The War On Sugar - What's the Solution?

Public Health England, the government’s advisory group, released a childhood obesity report this week in which there were calls for David Cameron to impose a tax on sugary foods and drinks and especially a crackdown on marketing unhealthy products to children. The reason? High sugar food and drinks fuel the obesity crisis and cost the NHS £5.1 billion a year.

You’ve probably heard a lot about sugar recently, mainly as self-appointed king of the ‘less sugar brigade’ Jamie Oliver has decided to jump on the bandwagon and call for a sugar tax. With films like Fed Up and That Sugar Film coming out last year the focus is very much on obesity, and lack of knowledge on sugar is seen as the sole cause.


There were eight recommendations in the report:

-          Reduce price promotions in retail outlets and supermarkets

-          Reduce opportunities to market high-sugar food and drink across all media

-          Clearly define ‘high-sugar foods’

-          Implementation of a structured program to gradually reduce sugar in food and drink products

-          Implementation and monitoring of government buying standards for food and catering across the public sector including hospitals / leisure centres, etc.

-          Ensure training in diet and health is routinely delivered to those who have opportunities to influence food choices.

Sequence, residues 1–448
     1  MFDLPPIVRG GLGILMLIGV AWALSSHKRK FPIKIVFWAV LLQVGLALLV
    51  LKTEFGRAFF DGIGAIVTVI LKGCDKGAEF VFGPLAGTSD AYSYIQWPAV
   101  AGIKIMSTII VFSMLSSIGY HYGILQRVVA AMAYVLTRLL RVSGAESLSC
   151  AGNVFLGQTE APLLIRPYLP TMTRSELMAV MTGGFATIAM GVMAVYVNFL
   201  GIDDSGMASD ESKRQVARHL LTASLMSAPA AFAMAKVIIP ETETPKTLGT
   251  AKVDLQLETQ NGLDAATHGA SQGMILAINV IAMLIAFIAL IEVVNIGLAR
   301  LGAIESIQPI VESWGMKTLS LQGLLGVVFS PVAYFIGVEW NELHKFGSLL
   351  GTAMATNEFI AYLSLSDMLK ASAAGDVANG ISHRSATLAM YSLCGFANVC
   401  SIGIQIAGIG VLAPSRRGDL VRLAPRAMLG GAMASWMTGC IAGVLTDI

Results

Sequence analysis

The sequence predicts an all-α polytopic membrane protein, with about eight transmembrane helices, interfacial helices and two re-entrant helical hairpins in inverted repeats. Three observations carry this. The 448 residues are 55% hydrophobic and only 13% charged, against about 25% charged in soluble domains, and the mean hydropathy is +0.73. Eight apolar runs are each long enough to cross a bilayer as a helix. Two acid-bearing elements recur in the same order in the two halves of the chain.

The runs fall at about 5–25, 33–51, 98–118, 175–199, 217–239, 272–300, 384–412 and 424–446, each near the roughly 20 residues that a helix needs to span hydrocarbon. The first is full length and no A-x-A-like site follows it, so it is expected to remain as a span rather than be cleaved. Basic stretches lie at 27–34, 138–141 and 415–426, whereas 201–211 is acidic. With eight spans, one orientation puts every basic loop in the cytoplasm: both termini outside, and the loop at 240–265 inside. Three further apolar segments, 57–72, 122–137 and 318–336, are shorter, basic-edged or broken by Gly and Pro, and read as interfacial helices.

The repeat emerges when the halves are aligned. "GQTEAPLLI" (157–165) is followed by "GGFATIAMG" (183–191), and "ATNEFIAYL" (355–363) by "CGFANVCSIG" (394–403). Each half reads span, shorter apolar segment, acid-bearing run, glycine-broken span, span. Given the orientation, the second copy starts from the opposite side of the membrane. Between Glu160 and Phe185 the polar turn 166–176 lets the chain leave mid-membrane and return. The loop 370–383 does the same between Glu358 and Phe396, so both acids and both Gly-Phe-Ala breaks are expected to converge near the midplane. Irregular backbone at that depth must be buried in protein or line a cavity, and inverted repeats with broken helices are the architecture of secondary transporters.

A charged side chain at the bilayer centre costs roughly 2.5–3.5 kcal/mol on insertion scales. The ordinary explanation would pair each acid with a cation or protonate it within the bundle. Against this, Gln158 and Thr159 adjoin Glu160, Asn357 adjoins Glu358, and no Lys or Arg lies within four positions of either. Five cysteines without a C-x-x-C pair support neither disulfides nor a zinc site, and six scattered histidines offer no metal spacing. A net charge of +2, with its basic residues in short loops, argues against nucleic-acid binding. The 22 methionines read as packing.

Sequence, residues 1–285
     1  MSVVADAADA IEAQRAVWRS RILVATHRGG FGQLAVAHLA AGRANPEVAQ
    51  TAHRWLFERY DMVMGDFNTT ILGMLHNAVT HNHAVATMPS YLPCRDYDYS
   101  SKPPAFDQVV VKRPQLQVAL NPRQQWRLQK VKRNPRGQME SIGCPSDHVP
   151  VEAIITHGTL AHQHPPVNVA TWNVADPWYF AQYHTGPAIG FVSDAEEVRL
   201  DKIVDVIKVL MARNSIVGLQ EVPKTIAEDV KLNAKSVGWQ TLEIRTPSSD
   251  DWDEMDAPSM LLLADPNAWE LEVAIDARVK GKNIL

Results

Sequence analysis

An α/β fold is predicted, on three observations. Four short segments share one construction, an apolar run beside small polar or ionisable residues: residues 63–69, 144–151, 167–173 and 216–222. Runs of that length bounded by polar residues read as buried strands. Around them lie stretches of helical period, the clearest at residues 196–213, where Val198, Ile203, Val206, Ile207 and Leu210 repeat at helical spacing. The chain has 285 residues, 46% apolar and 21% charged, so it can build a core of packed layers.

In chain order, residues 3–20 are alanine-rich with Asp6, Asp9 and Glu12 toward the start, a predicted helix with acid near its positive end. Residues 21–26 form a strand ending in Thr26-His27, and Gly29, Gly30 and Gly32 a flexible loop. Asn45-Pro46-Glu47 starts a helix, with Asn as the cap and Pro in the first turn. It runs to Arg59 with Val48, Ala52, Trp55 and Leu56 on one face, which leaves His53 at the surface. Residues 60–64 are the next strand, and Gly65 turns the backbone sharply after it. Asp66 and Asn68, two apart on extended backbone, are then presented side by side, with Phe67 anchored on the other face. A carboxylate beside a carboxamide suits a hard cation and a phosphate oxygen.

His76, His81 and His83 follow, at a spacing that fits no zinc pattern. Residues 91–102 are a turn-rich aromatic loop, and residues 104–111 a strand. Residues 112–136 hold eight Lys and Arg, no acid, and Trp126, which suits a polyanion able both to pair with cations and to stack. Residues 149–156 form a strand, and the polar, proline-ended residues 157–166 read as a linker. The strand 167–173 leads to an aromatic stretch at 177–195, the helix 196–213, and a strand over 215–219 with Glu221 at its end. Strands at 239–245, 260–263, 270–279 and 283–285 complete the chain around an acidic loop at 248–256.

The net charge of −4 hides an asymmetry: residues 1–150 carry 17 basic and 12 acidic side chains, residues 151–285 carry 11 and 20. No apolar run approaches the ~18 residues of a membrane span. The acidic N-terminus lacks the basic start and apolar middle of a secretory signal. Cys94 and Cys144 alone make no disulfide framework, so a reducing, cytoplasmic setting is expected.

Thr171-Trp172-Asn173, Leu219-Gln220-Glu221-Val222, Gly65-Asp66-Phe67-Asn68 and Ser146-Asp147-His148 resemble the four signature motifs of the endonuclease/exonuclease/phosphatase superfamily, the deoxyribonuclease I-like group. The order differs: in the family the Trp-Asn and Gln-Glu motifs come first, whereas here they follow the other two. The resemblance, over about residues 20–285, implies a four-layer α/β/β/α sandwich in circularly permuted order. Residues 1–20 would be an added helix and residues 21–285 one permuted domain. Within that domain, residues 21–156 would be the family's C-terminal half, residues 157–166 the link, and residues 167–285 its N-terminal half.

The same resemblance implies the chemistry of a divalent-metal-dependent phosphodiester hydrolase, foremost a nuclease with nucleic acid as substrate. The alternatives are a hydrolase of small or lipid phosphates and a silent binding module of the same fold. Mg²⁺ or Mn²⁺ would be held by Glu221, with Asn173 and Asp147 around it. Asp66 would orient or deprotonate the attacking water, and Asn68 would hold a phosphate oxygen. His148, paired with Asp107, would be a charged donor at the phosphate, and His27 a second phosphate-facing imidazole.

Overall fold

-          Continue to raise awareness of concerns around sugar levels to the general public



The above measures are fairly self-explanatory and it is clear that we need more public awareness regarding food and nutrition. However, I’m of the opinion that applying a tax is not the right way of getting there. The problem of this is that we are targeting the people who are most at risk of these illnesses - the least educated, least well-off people. Instead maybe we need to focus on preventative measures rather than reactive ones.

The general public is unfortunately terribly unaware regarding nutrition as a whole, and the mixed messages coming from supporters of various sides definitely don’t help. Nutrition discussions notoriously turn into slagging matches between supporters of whichever fad they are most behind. And the media don’t help.  For decades, television, newspapers, and radio have continuously bombarded us with contradictory statements – eggs are a great example – first they were good... Then they were bad… Now they are good again. There are too many large corporations with financial and commercial interests at heart pulling strings with the media, education and marketing throughout the world. Research can be (and is) manipulated in favourable ways for those funding the research. And regardless, people will buy what they want and like. Alcohol is fairly expensive, but no one has stopped drinking, have they?!

Some people have questioned why it has to be a tax imposed. Surely by subsidising ‘healthy’ food, people would eat less crap? Though this is a good idea, a big problem is that people aren’t just buying food for health. They’re buying based on stress, negative self-image, lack of time and what they think is best for them and their family at that particular moment.